In the run up to the upcoming European elections, resources on remind us of the Manifestos our partners have rallied behind in these recent months, and which can be found under the thematic keyword : Social economy in the European Union (UE),, section Charter/Manifesto. 

In our assessment of current envisioning and concrete proposals by different economic actors which state to work in service of social and ecological objectives, Yvon Poiries’, RIPESS Intercontinental board member, recent article on Decoding the differences between social and solidarity economy (SSE), social entrepreneurship, and related initiatives” provides us with a historical overview of social entrepreneurship, to give us better understanding of its differences with SSE, and to with this also point to possibilities for constructive dialogue between the two approaches. This critical analysis is important to keep close, given the current increased focus and visibility of SSE following the adoption of the UN General Assembly Resolution A/RES/77/281 “Promoting the social and solidarity economy for sustainable development” in April 2023.

As the changing of our food system is increasingly acknowledged as having a great potential for our societies to work towards social and ecological objectives, so also on different new resources give us further insight on this as part of solidarity economy building. So there is the Nyeleni Europe and Central Asia food sovereignty movement’s statement at the opening session of the 34th session of the Food and Agricultural Organisation at the UN (FAO) Regional Conference for Europe reminding also the FAO of the importance of solidarity economy partnerships in the tackling of food insecurity issues.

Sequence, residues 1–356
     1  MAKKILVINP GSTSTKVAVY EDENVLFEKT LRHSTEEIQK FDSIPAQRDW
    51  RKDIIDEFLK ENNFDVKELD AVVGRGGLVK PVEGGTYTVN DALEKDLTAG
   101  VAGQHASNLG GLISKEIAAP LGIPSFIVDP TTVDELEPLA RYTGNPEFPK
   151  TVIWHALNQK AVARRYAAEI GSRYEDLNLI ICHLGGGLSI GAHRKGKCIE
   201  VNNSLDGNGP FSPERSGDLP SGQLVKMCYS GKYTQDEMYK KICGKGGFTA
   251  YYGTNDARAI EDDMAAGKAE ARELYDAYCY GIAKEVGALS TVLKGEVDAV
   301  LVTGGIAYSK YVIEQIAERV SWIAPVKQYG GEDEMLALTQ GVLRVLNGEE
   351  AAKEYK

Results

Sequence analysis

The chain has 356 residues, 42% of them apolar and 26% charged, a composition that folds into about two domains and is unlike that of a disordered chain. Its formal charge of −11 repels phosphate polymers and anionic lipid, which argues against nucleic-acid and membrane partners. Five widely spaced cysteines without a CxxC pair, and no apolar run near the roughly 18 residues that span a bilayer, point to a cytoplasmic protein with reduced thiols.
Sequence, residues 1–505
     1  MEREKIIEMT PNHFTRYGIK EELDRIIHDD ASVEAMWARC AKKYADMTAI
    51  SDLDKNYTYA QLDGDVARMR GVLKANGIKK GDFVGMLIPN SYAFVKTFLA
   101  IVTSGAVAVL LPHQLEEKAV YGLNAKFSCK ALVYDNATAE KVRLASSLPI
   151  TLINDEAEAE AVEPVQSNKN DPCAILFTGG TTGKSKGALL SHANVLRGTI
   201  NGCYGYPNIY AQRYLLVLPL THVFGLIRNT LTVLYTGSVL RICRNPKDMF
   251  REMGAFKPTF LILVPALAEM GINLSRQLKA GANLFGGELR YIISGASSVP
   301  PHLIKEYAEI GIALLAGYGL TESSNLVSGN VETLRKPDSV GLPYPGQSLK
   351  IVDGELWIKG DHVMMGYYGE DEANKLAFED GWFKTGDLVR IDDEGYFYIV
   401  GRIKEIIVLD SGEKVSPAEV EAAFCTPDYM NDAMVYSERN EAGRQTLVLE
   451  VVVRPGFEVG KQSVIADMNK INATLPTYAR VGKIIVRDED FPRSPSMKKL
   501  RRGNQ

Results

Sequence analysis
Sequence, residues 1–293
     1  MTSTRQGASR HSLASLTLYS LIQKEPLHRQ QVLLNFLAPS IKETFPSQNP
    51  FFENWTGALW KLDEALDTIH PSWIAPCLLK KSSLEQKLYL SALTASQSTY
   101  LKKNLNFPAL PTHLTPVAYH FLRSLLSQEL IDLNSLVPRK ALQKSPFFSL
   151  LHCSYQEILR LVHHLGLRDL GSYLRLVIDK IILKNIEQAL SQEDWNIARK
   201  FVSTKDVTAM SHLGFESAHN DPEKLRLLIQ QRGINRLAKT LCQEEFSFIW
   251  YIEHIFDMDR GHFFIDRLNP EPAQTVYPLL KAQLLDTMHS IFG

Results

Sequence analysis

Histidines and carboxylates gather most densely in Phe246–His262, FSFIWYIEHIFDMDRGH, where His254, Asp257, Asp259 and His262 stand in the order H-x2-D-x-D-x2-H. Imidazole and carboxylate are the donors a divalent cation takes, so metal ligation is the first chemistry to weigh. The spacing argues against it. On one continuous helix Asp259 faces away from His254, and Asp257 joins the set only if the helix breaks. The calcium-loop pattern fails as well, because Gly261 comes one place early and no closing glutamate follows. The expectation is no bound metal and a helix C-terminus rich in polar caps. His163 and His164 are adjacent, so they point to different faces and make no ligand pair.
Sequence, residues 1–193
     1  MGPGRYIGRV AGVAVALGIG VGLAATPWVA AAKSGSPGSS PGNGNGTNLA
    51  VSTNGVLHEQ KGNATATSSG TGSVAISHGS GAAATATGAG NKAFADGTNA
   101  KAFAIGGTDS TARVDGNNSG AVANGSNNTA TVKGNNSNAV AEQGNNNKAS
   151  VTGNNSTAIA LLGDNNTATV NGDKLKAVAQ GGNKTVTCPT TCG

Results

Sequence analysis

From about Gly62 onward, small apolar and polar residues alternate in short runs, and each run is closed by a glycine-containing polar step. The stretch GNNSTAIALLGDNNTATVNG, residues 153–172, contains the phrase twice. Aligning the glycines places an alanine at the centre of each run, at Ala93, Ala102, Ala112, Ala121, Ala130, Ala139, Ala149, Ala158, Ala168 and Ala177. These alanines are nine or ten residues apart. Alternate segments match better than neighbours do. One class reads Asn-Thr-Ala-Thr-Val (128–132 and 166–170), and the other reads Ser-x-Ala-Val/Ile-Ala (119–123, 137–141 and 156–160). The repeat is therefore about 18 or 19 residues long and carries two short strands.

Another resource on Drawing Boundaries Negotiating a collective ‘we’ in community-supported agriculture networks takes us yet deeper into food system organising as practiced by Community Supported Agriculture initiatives and takes on the for everyone committed to those initiatives so interesting discussion as to how common understandings of a CSA are forged, and on how the collective “we” is established and kept by boundaries. The study looks at how this “boundary work” of CSA’s at the level of the national network organisations in Germany and Italy – where the who should join the network is constantly negotiated – happens. 

How solidarity is practiced from a critical consumption point of view is the subject of the book “Solidarity Communication” (in Italian) which “addresses the profound change in preferences and purchasing criteria that has taken place over the last decades, of movements that use consumption to change the functioning of the market or corporate behaviour. The book focuses on the purchase of products made by adopting sustainability and social responsibility criteria or from organic farming made through the collective organisation of the Italian Gas, the solidarity purchasing groups, which will be 30 years old in 2024. In all this time, it has not built a solid national organisation, has not benefited from public interventions or subsidies, and has developed practically in the dark from public attention and the media, as well as from politics and the business world. This is precisely why its story is interesting and at times miraculous. Starting with an analysis of communication, the book attempts to answer a simple question: how did they do it?” The book has a postscript and is co-edited by RIPESS general delegate Jason Nardi.